Nursing homes are scary places full of sadness, pain, and isolation for many residents. According to the new guidelines, which have been endorsed by the federal government, only essential visits should be conducted — and that generally means no families. Thousands of nursing homes and assisted-living centers across the United States are becoming islands of isolation as health care administrators take unprecedented steps to lock them down, hoping to protect some of the nation’s most vulnerable residents from the threat posed by the coronavirus. Vulnerable residents will feel even more isolated and lonely.
But cutting off physical contact with friends and family can be difficult and damaging. The recommendations suggest facilities develop alternative methods of communication for residents to engage with the outside world. Adult children talk to their parents through locked glass doors like jailhouse visitors.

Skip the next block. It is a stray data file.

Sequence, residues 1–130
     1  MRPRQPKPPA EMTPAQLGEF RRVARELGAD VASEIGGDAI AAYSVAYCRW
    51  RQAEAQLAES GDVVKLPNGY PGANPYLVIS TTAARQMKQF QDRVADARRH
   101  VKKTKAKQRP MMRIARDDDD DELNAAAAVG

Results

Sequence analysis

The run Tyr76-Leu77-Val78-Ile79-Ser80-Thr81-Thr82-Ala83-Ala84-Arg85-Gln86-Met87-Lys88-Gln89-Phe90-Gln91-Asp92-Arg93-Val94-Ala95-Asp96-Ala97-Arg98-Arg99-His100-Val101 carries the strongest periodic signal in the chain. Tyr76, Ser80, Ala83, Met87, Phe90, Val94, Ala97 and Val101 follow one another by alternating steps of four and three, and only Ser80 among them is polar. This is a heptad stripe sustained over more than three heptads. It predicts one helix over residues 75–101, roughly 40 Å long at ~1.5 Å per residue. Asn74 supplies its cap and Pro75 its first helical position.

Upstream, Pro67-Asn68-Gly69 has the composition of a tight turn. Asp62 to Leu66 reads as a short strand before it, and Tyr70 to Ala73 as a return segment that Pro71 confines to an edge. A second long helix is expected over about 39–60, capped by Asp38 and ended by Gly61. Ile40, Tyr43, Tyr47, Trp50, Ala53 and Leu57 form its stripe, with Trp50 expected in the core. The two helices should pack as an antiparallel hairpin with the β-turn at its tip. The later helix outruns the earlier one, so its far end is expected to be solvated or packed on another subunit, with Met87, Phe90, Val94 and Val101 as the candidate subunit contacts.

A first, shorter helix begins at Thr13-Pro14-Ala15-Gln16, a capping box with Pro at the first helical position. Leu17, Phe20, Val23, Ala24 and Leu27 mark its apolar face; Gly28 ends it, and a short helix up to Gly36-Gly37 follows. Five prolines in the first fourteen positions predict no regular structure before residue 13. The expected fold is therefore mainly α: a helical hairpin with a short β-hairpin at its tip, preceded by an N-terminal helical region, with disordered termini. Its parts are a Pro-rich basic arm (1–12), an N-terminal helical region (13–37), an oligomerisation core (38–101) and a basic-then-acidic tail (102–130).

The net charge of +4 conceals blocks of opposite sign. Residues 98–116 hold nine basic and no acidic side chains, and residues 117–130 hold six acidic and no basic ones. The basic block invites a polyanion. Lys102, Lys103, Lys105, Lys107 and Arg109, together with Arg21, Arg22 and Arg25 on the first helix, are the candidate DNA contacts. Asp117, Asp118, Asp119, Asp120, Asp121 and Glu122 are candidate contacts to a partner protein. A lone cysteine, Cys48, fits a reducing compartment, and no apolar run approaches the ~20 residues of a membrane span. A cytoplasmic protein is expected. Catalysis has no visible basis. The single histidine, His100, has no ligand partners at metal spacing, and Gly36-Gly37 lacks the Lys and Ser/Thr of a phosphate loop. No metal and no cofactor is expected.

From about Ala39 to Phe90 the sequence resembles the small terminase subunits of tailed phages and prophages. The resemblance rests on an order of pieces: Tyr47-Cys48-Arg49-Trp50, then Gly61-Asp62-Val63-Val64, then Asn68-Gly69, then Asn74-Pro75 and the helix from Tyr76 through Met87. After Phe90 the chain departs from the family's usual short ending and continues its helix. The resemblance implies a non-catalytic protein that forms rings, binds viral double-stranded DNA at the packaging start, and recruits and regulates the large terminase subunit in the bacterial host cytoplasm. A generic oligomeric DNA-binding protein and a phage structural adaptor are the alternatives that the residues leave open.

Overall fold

Concerned family members and friends should keep lines of communication open with nursing home administrators. Ask them what they’re doing to mitigate the risks of a coronavirus outbreak, how they’re sanitizing the facilities and keeping residents and visiting patients safe. Families should also create a contingency plan in the event their loved one’s nursing home or assisted living center shuts down.
“This is the greatest threat to nursing home residents that we have seen in many years, if not ever,” Dr. Michael Wasserman, president of the California Association of Long Term Care Medicine, told NBC News. “If there is one single thing that matters most right now, it’s that if someone has a fever or a cough or feels sick, do not visit a nursing home,” Wasserman said. “There should be no exceptions.”
“I’m concerned that the loneliness and helplessness will kill her quicker than the virus,” said Melissa West, whose 95-year-old mother-in-law lives in a nursing home in Seattle that has remained untouched by the virus. “I just think of her being there by herself. Just sitting in her wheelchair all day. Being trapped and waiting.”
A variety of factors make nursing homes especially at risk to infection: many facilities are poorly staffed; have lax infection prevention and control policy and procedures; fail to properly train their staff; use temporary agency staff; some residents may have weakened immune systems, and because caregivers and visitors are constantly coming and going which allows germs to spread.